A new study has revealed the extent of the disparities between broadband connections in Wales.
Using figures collected by telecoms watchdog Ofcom, WalesOnline found download speeds in Cardiff are far higher than in other parts of the country. The average connection in the capital is 21.3 Mbps, with 91 per cent of households having the potential to access super-fast services.
However, in Merthyr Tydfil - which is only 25 miles away from Cardiff - speeds are just 6.8 Mbps, with close to zero per cent super-fast coverage.
According to WalesOnline, only 11 of the 22 local authorities in Wales have access to high-speed broadband in over half of their constituency. It also claimed connections tend to be faster in the south of the country compared to the north.
William Powell, Welsh Liberal Democrat spokesman for rural affairs, told the news provider: "Unfortunately, the Welsh government has been slow in providing answers to Wales' digital deficit.
"Technology moves fast and it is vital that people in all parts of Wales take advantage of developments such as super-fast broadband."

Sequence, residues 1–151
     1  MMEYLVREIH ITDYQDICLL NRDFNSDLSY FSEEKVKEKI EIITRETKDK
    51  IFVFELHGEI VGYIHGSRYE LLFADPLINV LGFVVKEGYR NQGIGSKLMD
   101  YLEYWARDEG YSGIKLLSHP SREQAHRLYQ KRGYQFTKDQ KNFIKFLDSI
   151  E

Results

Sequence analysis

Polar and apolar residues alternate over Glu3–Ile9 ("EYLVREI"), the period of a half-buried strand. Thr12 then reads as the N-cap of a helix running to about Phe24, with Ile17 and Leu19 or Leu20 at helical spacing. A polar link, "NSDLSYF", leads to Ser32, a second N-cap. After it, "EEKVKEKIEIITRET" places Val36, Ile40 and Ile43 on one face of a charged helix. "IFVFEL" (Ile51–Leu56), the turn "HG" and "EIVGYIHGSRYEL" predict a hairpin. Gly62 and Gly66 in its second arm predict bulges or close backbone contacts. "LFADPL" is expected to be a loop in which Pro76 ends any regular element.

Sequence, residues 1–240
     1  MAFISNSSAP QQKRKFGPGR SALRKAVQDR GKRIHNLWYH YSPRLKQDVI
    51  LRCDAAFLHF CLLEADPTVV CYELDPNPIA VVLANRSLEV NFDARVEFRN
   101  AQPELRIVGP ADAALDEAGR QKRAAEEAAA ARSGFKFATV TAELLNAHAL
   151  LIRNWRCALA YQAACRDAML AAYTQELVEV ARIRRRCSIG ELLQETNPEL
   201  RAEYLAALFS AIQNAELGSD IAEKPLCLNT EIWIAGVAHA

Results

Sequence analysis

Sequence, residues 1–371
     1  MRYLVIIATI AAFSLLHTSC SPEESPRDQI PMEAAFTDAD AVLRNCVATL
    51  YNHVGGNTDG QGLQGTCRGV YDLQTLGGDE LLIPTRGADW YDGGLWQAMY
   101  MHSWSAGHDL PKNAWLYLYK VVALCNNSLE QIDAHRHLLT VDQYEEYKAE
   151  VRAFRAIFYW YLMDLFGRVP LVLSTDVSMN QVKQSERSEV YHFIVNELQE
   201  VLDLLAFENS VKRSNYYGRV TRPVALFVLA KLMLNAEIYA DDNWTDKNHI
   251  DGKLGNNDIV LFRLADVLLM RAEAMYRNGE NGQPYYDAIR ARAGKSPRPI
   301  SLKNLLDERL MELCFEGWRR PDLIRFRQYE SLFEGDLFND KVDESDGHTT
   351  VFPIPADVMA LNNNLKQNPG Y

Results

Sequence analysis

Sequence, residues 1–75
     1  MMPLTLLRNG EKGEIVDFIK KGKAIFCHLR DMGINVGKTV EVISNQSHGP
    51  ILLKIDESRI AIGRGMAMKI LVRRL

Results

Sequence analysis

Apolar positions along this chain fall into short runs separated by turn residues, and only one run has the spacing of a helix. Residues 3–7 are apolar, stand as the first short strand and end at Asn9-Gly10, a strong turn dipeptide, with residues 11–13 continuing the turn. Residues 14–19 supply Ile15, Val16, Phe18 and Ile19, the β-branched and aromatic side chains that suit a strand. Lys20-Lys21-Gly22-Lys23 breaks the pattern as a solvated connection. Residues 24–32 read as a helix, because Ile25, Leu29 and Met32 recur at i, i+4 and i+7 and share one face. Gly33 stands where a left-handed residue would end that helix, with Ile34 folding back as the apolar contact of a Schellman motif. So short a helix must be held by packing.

He said some rural areas of the country are "complete not-spots" where even very basic broadband and mobile phone access is limited.
"This disparity is unfair but is also having an economic impact upon businesses and families in rural Wales," Mr Powell added.
The large number of rural and remote settlements in Wales means it is expensive and difficult for broadband technologies such as fibre optic and ADSL (phone-lined based broadband) to reach homes and businesses.
However, this is not the only option, as satellite broadband technology is ideally suited to improving connectivity in Wales as it only requires the installation of a small satellite dish to function, meaning the issue of location is irrelevant.
Furthermore, satellite can regularly provide speeds of up to 20 Mbps, which is a vast improvement on the services many Welsh residents receive at the moment.